Liberal Protestant Beliefs

Presbyterian and other mainline denominations are more likely to espouse liberal protestant views.
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Liberal Protestants come from various denominations, particularly mainline denominations such as Episcopalian, Presbyterian and United Methodist as well as self-identifying liberal churches such as Unitarian Universalist or non-denominational congregations. However, denominations do not define liberal Protestants; it is their underlying perspectives on truth, Jesus, morality and salvation that shape their beliefs.

1 Perspectives on Truth

Many liberal Protestants believe that the Bible is a piece of literature about God more so than the literal word of God and that it should be read in its historical context with primary focus on the words and life of Jesus. Other liberal Protestants see the Bible as the word of God but approach it more broadly and believe it is open to various interpretations. Prominent liberal theologian and author of “A New Kind of Christianity,” Brian McLaren echoes this perspective on his blog. He argues that God can communicate truth to human beings without the requirements of traditional religious constructs, such as denominations, temples or dogma.

2 Beliefs About Jesus

Foundational to Protestant Christian belief structure -- liberal or conservative -- is that Jesus is the Son of God who came to earth, modeled an example for humans to follow and sacrificed himself for sin before rising again on the third day. Nevertheless, prominent liberal theologian Marcus Borg, Canon Theologian at Trinity Episcopal Cathedral in Portland, Oregon, dismisses the physical bodily resurrection of Jesus on earth as inconsequential to the faith. He writes on his website, “Easter is not about believing in a spectacular long ago event, but about participating in what we see in Jesus.”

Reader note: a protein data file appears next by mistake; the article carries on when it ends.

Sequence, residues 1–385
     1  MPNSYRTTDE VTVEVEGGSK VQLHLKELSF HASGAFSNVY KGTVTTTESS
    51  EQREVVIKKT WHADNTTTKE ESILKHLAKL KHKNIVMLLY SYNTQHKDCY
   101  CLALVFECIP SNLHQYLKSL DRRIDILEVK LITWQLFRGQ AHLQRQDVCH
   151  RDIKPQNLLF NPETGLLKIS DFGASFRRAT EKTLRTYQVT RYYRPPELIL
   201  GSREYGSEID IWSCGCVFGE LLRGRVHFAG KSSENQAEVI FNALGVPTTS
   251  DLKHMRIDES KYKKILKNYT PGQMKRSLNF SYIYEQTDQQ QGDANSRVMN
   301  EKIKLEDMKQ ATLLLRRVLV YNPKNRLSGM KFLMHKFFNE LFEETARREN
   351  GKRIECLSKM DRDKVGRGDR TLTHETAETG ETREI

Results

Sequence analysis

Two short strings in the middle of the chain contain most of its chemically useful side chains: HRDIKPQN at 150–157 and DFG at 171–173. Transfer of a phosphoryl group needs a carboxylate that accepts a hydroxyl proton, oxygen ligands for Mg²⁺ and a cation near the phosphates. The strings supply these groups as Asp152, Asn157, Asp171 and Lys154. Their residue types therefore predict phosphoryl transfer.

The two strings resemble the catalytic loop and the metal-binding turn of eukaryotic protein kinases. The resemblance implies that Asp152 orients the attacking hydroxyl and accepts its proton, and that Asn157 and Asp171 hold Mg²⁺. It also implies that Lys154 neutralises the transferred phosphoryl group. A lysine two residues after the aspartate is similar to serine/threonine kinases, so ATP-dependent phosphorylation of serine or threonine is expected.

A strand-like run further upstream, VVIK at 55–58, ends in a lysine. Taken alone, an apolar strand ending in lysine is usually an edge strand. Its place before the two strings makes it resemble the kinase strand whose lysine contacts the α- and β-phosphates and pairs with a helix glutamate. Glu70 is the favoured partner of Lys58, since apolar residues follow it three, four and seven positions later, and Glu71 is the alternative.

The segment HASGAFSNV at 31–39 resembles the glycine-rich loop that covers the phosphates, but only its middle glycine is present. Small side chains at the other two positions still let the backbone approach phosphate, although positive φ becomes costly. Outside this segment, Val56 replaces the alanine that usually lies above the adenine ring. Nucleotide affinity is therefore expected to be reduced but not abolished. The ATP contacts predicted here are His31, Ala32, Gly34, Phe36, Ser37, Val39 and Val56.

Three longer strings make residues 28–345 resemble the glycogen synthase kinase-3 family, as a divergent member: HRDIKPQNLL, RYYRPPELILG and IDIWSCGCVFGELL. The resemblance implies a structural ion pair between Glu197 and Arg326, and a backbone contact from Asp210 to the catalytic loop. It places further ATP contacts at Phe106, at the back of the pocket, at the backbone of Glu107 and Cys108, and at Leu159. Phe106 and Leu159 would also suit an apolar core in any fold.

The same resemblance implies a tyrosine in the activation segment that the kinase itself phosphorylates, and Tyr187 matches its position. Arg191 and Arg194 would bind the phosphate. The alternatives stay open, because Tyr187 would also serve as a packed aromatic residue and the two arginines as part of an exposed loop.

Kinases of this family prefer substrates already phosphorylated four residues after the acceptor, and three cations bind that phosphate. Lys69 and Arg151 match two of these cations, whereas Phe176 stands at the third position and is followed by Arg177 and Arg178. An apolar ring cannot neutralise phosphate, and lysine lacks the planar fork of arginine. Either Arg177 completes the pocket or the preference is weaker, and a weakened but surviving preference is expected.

3 Attitudes On Morality

Liberal Protestants see the life and teachings of Christ as foundational to morality and ethics. They embrace Jesus’ teaching on caring for the poor, challenge of conventional religious thinking and acceptance of the marginalized in society. This leads a minority to adopt liberation theology, the belief that the church should align itself with the working class to bring about social change, using resistance if necessary. Liberal Protestants are also more likely to be pro-choice and open to gay rights, according to the website Beliefnet.

4 Beliefs About Salvation

Some liberal Protestants shy away from the concept of original sin and view humanity as fundamentally good with the free will to make good or bad choices. Salvation therefore becomes less about a one-time event or commitment and more about a lifelong pursuit of following Jesus. In his controversial and bestselling book “Love Wins; A Book About Heaven, Hell, and the Fate of Every Person Who Has Ever Lived,” Rob Bell argues against the perspective that only a select few Christians will receive salvation while the rest of humanity is damned. He writes Jesus’s message is "of love, peace, forgiveness, and joy that our world so desperately needs to hear.”

Pamela Ellgen began writing in 2000 for "The Asian Reporter" newspaper. She is an award-winning journalist and writes on religion, culture, health and fitness. Ellgen graduated with a Bachelor of Arts in writing from Washington State University and is a certified personal trainer with the National Academy of Sports Medicine.